The ascent would have been far, far easier with lighter packs and if we had been more accustomed to the roughly mile-high altitude, but we took our time. We were passed by a lot of people, including a 76 year old man. Later, a 20 year old young woman with thousands of sparkly gold sequins shimmering on her stylish black day pack left us dazzled in the dust.

The_Enchantments_Summer-119Stream that paralleled our ascent of Aasgard

My shirt was soaked with sweat, and my face was smeared with SPF 45 and Deet, which melted down into my eyes as perspiration streamed down my forehead. Both Karen and I ended up with blood trickling down our sweaty legs from run-ins with granite. It was fun. Karen commented how stupid we were to attempt this climb, but we soldiered on, eventually reaching the pass, where Phil calmly waited for the rest of us after having surged on ahead, beating the rest of us by two hours.

The_Enchantments_Summer-106When skin and granite collide

Fortunately, we enjoyed some of the sights as we ascended. There were Arctic Fireweed plants blooming–a species we had first seen in northern Alaska during a backpack 29 years before, when I had carried a 78 lb. backpack on my then-145 lb. frame (we’re not going to talk about my current weight, thank you, but suffice it to say that my pack-to-body weight ratio now looks better, at least on paper). A Mountain Goat mother and child sauntered by, wondering to themselves why the climb was so difficult and why we were producing so much sweat and so little pee. More on that later.

The_Enchantments_Summer-158View back down to Colchuck Lake from halfway up

By late afternoon, we had reached the pass, briefly rested, and surveyed the Upper Enchantments. This stark and amazing basin sits below the towers of Dragontail Peak, which looks like it could be one of the dark and jagged mountain ranges surrounding Mordor in The Lord of the Rings. We found a campsite about 1/4 mile from the pass, right along Lake Freya and, more importantly, just a few steps from a great open-air toilet hidden among the larches and granite just above our campsite. A tarn ringed with granite boulders was perfect for obtaining water.

The_Enchantments_Summer-249We set up camp among granite boulders in the Upper Enchantments

The_Enchantments_Summer-627Karen dipping water for coffee and tea from the nearby tarn

The_Enchantments_Summer-660Mommy taking a drink while junior waits, at the tarn we also used for drinking water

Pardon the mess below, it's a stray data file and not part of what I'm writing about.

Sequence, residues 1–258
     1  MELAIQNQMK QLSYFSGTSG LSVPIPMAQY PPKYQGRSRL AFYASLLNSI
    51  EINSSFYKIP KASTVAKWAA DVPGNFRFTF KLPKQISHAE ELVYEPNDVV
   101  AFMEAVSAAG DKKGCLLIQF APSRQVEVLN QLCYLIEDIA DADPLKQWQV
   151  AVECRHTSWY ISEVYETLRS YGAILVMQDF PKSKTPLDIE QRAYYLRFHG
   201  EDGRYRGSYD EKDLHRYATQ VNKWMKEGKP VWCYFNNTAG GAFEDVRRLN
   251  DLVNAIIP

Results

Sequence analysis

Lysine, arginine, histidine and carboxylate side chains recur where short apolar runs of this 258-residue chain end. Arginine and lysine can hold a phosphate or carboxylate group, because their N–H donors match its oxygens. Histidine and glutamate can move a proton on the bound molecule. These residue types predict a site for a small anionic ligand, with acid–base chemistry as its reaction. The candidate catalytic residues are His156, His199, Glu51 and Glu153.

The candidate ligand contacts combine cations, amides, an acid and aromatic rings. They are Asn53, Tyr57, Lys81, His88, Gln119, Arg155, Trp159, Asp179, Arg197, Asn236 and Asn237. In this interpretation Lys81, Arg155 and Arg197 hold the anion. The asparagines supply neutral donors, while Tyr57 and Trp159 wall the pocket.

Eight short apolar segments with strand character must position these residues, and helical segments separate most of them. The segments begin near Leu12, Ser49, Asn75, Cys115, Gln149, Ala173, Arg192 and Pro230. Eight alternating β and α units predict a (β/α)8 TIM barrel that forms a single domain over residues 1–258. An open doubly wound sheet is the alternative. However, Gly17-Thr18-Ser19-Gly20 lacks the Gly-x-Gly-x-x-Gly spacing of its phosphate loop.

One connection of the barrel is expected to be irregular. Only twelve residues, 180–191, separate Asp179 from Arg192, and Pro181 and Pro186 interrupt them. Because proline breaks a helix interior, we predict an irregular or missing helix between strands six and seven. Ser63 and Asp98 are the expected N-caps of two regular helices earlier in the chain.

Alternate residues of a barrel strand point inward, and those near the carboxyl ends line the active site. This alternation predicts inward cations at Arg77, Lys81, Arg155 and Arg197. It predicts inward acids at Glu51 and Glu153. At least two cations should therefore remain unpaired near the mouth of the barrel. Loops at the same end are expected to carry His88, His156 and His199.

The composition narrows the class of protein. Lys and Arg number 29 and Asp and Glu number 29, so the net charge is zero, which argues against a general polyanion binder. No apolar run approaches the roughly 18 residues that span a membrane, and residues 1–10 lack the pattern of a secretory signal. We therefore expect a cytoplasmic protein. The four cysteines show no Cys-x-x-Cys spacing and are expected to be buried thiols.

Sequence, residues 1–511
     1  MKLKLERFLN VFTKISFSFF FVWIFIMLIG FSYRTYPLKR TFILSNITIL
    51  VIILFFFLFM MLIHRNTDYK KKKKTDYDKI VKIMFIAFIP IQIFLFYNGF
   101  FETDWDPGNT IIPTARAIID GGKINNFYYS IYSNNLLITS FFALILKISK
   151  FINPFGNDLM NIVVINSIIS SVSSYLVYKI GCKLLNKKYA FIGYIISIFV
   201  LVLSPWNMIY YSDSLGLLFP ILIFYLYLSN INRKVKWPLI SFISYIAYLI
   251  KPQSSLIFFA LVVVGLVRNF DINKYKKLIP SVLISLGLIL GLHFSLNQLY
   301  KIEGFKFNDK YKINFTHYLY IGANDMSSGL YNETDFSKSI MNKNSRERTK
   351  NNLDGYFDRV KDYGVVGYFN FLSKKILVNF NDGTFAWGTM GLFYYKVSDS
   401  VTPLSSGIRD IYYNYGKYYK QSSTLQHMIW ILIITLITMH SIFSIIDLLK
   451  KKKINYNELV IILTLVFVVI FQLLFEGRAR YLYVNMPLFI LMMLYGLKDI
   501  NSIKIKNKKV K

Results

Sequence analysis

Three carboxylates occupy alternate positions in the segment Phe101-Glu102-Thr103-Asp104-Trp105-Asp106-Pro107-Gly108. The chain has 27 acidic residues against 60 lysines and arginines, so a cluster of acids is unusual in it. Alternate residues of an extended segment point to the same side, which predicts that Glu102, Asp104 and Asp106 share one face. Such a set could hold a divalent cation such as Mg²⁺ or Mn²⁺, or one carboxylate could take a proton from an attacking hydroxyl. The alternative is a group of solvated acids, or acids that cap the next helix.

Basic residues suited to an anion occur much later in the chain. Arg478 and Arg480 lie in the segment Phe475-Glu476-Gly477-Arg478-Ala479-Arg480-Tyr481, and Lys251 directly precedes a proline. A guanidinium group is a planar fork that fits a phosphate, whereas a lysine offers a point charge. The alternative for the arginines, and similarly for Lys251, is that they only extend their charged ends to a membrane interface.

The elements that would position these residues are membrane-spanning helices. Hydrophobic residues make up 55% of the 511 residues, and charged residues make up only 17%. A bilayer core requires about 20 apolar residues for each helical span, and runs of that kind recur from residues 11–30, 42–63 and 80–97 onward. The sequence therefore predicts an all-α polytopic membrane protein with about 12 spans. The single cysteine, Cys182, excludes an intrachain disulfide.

Some of our group had diarrhea, which I blamed on the stress of two days of climbing. In any event, when older people travel together, the talk often turns to regularity or lack thereof. Which brought about one of the frequently used acronyms on the trip: TMI (too much information). Three members of our group said they had experienced an odd sensation of shivering or hypersensitivity that they blamed on their bodies’ electrolyte balance being tipped because of the extreme exertion.

Enchantments_PortraitsThe Aasgard Adventurers: (clockwise) Sue, Phil, Terry, and Karen. I’m hidden behind the lens.

The_Enchantments_Summer-256Last sunlight on McClellan Peak, with one of the lakes of the Upper Enchantments in the foreground

That night, the sky cleared off and we enjoyed the Milky Way splayed across the vast dome overhead, at least when we got up after midnight to attend to nightly rituals. We saw the advance contingent of Perseid meteors streaking across the sky, with no moon in sight and just a hint of the lights of civilization to the east.

The_Enchantments_Summer-609Our four tents illuminated at deep twilight, with the jagged skyline of Dragontail Peak rising in the distance

The_Enchantments_Summer-292Sunrise light on Dragontail Peak

The_Enchantments_Summer-633Karen viewing the morning light from atop a granite outcrop

The_Enchantments_Summer-638Our beautiful camp in morning light

The next morning, human visitors arrived to use the nearby toilet and goat visitors arrived to enjoy our company. I think we counted about ten different Mountain Goats, including mothers who were still shaggy from shedding, their small young of the year, yearlings, and a big male. Throughout The Enchantments, these creatures come around daily to see where their human guests have peed, so that they can lick up the golden liquid or the salty traces of it. I don’t know if these animals need some minerals contained in the urine, or if they are simply peeaholics, addicted to the pleasant taste of the salt.

We had learned from a sign at the trailhead that it is best to pee on granite, since peeing on bare soil will encourage the goats to dig up the soil. What we learned, in reality, was that peeing on slabs of hard granite causes the pee to splash back up–on legs and shoes. Yuck. Well, nobody ever claimed that backpacking was a clean and tidy affair.

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The_Enchantments_Summer-320The Mountain Goats came and went on their own schedule all day long; often we saw a mother and her young of the year, but there might also be a yearling tagging along, or sometimes a big male